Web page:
Debate Commission Agrees To Biden Campaign’s Health And Safety Demands For VP Debate

Debate Commission Agrees To Biden Campaign’s Health And Safety Demands For VP Debate

The Commission on Presidential Debates has agreed to make several changes to the Vice Presidential debate after the Biden campaign raised safety issues.

The commission granted the Biden campaign its request that Kamala Harris and Mike Pence be seated 12 feet apart during the debate. However, the commission denied the Biden campaign’s second request that both Harris and Pence stand during the debate. Instead, the two will be seated, which was the preference of the Trump campaign, a source familiar with the discussions told POLITICO.

Negotiations for the vice presidential debate were relatively peaceful when they began Friday, but grew contentious throughout the day as Republicans, who attended the presidential debate earlier in the week, announced they tested positive for COVID-19.

Late Thursday night, President Trump announced he had contracted the virus after former senior aide Hope Hicks tested positive a day before. On Friday, Ronna McDaniel, chairwoman of the Republican National Committee, Sen. Mike Lee (R-Utah), Sen. Tom Tills (R-NC), Kellyanne Conway, Trump’s campaign manager Bill Stepien, three White House reporters, and 11 debate staffers all announced they had contracted the virus.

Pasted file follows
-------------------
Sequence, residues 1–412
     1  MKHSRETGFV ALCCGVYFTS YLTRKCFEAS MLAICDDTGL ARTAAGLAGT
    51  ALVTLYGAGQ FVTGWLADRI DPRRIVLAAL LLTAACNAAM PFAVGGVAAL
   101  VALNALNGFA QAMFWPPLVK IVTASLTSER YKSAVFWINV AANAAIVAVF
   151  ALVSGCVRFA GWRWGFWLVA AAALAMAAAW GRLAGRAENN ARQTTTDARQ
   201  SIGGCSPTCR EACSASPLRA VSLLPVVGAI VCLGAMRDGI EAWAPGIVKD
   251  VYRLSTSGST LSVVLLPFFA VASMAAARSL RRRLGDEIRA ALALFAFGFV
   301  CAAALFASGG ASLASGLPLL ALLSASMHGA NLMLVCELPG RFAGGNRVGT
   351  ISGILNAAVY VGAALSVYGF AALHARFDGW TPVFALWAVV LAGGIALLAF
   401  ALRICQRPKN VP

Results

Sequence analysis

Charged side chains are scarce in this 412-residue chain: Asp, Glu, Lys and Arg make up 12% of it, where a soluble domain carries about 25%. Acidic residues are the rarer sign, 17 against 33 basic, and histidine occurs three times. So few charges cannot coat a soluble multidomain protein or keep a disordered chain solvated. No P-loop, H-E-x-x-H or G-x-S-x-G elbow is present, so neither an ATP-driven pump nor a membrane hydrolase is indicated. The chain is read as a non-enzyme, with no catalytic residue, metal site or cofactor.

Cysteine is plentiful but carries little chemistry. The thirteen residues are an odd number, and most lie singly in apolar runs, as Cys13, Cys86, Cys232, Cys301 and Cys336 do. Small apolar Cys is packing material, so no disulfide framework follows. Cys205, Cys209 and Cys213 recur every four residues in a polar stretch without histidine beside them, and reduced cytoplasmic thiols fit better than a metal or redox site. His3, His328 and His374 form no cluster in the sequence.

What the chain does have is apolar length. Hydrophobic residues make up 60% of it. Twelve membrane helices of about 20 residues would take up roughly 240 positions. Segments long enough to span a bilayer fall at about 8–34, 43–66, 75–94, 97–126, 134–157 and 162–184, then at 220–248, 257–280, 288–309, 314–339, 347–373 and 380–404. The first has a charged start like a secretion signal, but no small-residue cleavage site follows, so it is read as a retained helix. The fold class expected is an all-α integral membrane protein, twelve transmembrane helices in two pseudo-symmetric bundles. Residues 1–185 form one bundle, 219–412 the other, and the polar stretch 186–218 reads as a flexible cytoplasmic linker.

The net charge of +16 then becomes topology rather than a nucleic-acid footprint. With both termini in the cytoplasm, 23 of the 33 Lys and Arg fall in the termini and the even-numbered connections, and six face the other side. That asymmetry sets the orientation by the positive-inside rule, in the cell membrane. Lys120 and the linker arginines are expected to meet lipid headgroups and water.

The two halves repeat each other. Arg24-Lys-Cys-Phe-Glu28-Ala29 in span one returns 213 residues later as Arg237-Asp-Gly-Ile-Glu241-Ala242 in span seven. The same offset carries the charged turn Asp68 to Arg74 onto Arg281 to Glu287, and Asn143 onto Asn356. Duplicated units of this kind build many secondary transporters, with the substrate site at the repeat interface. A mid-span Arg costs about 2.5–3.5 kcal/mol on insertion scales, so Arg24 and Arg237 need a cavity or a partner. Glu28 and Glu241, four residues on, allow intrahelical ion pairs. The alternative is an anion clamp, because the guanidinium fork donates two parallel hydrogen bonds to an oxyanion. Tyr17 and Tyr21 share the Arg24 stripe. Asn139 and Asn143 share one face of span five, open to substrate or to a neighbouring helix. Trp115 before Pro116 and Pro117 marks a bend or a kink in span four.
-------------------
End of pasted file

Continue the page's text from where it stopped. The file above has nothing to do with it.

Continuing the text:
On Saturday, former New Jersey Governor Chris Christie, who helped with Trump’s debate preparation, and Nicholas Luna, the assistant to the president, also announced they had tested positive.

Jaime Harrison, who is running against Sen. Lindsey Graham (R-SC) brought his own plexiglass divider to their debate this weekend after Graham refused to quarantine after also being in the debate crowd Tuesday.

Initially the commission decided to sit Harris and Biden seven feet apart, but Biden’s campaign expressed significant concerns. After Trump announced he tested had positive Friday, the commission announced Pence and Harris would be seated 12 feet apart.

Social distancing guidelines call for people to sit further than six feet apart when seated indoors for an extended amount of time. The vice presidential debate is scheduled to take place in Salt Lake City, Utah, and will last approximately 90 minutes.

Salt Lake currently has 1,372 positive cases in the county, the most since late September.